Managing Territories of Experience in Conversation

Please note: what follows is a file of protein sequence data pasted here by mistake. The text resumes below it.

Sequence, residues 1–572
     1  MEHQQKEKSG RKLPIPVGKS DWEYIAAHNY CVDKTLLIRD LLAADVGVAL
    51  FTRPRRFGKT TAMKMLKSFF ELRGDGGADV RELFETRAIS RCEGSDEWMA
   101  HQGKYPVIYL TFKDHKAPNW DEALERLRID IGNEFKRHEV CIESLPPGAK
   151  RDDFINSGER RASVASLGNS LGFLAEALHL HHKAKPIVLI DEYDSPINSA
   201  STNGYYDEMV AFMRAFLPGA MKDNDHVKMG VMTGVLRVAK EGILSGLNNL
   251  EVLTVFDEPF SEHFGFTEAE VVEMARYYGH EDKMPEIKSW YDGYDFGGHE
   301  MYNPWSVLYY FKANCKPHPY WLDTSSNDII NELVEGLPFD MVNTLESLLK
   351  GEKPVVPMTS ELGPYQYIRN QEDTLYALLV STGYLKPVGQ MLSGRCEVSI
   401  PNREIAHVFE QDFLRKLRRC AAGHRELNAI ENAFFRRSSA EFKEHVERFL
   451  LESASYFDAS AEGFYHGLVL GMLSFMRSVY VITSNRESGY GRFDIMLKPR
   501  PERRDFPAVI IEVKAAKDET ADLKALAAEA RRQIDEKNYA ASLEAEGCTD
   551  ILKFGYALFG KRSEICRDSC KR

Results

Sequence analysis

Participants’ orientations to observing rights and responsibilities associated with epistemic territories are manifested in their formulations of assessment turns in interaction. This chapter focuses on one aspect of the formulation of assessments, namely, whether an assessment is constructed “subjectively” or “objectively.” Assessments that are constructed subjectively highlight the speaker’s personal experience with, or attitude toward, the referent, while those constructed objectively highlight the attribute of the referent without foregrounding the experiencer. Through the analysis of Japanese conversational data, it is demonstrated that, while objective assessments are produced as the default form of assessment, subjective assessments are produced to deal with specific interactional contingencies that involve the relevance of claiming and establishing the speaker’s epistemic independence, or managing territories of experience.
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